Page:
Continuing west, you’ll hit Daimon (via Oedo line and Asakusa line) and Hamamatsucho (via Yamanote line and Keihin Tohoku line)

It’s a short walk to Tokyo Tower, Pokemon Center, and Zojoji  Temple.  Near Tokyo Tower, there are many nice cafes and restaurants as well.

Shinagawa (via Yamanote line and Keihin Tohoku line)

Generally a business area, there are great shops and restaurants including the Singapore Seafood restaurant

The Prince Hotel in Shinagawa has a nice, small aquarium and theatre –also has lovely illumination at night.

After Shinagawa, there is Ebisu (via Yamanote line)

This area is one of the best for dining and Ebisu Gardens is a very nice area for dining and shopping.  There is also a beer museum located there.

Very close to Ebisu, you’ll find the famous areas of Shibuya, Harajuku, and Shinjuku.
Shibuya (via Yamanote line, Ginza line, Hanzomon line and Fukutoshin line)

This is where you will find the famous scramble crossing from every movie about Japan.  Very busy area at any time, it’s very lively and exciting at night.   Lots of shopping and dining, it’s a great place to experience the true hustle and bustle of Tokyo.

Harajuku (via Yamanote line) or Meiji Jingu Mae (via Chiyoda line and Fukutoshin line)

Harajuku is the place to see the fun and colourful youth of Tokyo dress up and parade down the famous Takeshita street.  Though hectic on the weekend, it’s the best time to visit and see the most eccentric costumes around.

Also very close to Meiji Jingu Shrine, it’s a wonderful contrast to Takeshita street.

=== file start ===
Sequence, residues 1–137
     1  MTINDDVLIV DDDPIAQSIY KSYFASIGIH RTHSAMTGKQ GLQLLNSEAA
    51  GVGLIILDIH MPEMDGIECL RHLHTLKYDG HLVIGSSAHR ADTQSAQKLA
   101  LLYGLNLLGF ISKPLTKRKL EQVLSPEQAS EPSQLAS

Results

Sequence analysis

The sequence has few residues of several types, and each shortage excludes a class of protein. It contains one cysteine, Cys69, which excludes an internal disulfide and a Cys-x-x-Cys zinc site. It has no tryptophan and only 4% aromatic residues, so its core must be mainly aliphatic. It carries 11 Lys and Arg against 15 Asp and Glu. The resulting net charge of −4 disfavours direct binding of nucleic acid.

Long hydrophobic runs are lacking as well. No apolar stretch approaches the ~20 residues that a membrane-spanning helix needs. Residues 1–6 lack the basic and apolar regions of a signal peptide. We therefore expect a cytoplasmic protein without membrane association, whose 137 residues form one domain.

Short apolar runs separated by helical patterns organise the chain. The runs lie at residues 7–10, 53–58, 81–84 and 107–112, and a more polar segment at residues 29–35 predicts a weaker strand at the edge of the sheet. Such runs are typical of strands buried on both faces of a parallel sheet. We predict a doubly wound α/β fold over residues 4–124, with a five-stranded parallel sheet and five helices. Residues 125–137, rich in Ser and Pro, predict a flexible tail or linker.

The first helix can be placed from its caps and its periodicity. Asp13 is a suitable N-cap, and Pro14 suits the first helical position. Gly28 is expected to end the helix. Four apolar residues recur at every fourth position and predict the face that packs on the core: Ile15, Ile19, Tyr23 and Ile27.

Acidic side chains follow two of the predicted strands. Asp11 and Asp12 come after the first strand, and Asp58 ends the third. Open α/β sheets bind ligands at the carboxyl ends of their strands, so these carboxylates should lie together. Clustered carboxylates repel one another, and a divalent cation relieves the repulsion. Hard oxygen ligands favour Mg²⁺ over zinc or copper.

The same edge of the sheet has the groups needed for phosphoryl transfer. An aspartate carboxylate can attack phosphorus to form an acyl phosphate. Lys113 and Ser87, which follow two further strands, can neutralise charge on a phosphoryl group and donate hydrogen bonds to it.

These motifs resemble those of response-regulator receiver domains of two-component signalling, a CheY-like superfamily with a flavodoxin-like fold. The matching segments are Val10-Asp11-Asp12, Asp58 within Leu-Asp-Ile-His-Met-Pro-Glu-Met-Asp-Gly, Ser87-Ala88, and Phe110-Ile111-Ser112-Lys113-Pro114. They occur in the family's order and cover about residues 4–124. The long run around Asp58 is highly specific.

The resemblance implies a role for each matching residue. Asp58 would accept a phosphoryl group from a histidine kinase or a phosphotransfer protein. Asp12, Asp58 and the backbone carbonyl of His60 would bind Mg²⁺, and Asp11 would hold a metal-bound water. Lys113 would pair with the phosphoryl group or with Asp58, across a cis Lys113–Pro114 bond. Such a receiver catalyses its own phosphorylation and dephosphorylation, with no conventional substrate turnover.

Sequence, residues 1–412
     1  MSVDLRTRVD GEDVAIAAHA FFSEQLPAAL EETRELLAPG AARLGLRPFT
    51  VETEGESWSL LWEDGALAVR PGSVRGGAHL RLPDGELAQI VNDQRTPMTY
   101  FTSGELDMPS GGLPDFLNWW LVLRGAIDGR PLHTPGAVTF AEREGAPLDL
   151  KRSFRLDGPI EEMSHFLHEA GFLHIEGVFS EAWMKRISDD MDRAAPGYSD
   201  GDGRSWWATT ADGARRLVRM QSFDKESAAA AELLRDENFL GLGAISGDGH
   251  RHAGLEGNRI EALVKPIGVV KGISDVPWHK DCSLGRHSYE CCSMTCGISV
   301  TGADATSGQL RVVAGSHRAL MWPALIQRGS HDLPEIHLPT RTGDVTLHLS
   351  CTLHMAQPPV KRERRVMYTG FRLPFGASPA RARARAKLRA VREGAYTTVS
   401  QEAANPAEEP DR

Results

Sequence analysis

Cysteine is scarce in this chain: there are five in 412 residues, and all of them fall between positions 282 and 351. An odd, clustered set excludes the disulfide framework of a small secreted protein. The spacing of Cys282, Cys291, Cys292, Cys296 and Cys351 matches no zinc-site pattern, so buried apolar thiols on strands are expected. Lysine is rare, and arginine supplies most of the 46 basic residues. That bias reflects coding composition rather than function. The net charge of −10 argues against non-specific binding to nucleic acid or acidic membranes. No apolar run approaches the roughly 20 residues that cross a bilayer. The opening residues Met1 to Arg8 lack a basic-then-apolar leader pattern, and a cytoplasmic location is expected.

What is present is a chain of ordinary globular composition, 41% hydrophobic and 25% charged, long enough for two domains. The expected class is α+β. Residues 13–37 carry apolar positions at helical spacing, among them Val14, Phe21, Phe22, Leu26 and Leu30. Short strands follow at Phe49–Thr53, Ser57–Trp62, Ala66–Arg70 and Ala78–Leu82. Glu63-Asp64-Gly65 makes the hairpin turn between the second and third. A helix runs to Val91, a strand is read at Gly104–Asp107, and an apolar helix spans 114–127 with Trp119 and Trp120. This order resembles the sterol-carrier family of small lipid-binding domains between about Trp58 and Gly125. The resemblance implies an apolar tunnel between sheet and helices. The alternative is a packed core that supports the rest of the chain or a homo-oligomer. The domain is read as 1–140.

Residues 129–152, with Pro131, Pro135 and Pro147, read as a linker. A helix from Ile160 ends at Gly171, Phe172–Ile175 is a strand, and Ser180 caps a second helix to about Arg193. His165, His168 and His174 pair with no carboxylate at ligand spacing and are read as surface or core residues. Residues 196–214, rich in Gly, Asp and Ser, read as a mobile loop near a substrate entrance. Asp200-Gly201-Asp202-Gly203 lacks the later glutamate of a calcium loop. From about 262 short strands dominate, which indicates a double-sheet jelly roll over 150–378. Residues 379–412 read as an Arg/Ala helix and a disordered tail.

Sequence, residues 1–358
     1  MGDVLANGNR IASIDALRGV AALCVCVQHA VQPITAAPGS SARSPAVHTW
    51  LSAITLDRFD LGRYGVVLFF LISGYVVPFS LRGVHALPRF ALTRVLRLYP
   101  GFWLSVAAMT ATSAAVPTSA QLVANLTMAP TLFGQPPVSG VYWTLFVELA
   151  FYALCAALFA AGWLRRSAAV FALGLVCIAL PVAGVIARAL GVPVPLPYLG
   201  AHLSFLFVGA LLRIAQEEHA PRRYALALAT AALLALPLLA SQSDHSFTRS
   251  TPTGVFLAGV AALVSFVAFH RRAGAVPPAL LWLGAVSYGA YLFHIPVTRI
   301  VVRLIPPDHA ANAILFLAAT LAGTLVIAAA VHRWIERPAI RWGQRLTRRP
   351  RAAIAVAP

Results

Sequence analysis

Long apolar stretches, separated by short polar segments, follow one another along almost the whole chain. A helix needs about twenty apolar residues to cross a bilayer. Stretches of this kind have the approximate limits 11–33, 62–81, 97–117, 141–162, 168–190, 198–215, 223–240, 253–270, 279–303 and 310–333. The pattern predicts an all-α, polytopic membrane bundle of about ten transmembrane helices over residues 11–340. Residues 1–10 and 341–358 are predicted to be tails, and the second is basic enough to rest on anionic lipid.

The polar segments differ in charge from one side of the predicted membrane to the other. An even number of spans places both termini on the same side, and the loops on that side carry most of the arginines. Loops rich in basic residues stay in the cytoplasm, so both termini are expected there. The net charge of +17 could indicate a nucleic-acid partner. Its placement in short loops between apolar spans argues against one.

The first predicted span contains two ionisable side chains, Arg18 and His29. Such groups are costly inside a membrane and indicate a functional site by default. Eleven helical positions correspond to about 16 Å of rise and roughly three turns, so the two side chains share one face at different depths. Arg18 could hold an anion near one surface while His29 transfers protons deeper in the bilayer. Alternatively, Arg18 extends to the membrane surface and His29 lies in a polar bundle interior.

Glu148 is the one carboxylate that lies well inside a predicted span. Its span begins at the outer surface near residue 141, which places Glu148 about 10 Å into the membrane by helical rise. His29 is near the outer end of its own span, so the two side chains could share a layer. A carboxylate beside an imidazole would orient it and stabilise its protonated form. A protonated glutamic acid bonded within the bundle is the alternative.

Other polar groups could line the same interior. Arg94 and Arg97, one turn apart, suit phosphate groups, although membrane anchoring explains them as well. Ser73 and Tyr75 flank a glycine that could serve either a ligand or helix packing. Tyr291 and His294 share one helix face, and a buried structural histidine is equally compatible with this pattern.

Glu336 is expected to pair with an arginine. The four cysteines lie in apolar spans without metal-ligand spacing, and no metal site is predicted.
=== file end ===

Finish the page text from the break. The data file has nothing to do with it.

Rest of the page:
A five minute walk from the shrine will take you to Omotesando, a tree lined street with rows of high-end shops and cafes.  Omotesando Hills is an interesting building complex of shops and restaurants.   Check out the small side streets to discover interesting shops, salons and private galleries.

Finally… Shinjuku (via Yamanote line, Chuo line, Marunouchi line and Oedo line)

Shinjuku has rows of shopping malls (like Marui, Isetan, Odakyu and Keio), Japanese Izakaya restaurants (great food and inexpensive), Karaoke places and more.

The south exit will lead you to Takashimaya shopping mall and southern terrace area with lovely displays and decorations.

The West exit is surrounded by large shops and has Mosaic Street which is a small street going uphill with beautiful lights, displays and decorations.  Also has a few cute little shops along the way.

The East exit is where the younger crowd hangs out near Studio Alta (mostly shopping for young girls) but heading down the main road, you will hit all of the major shopping malls in a row.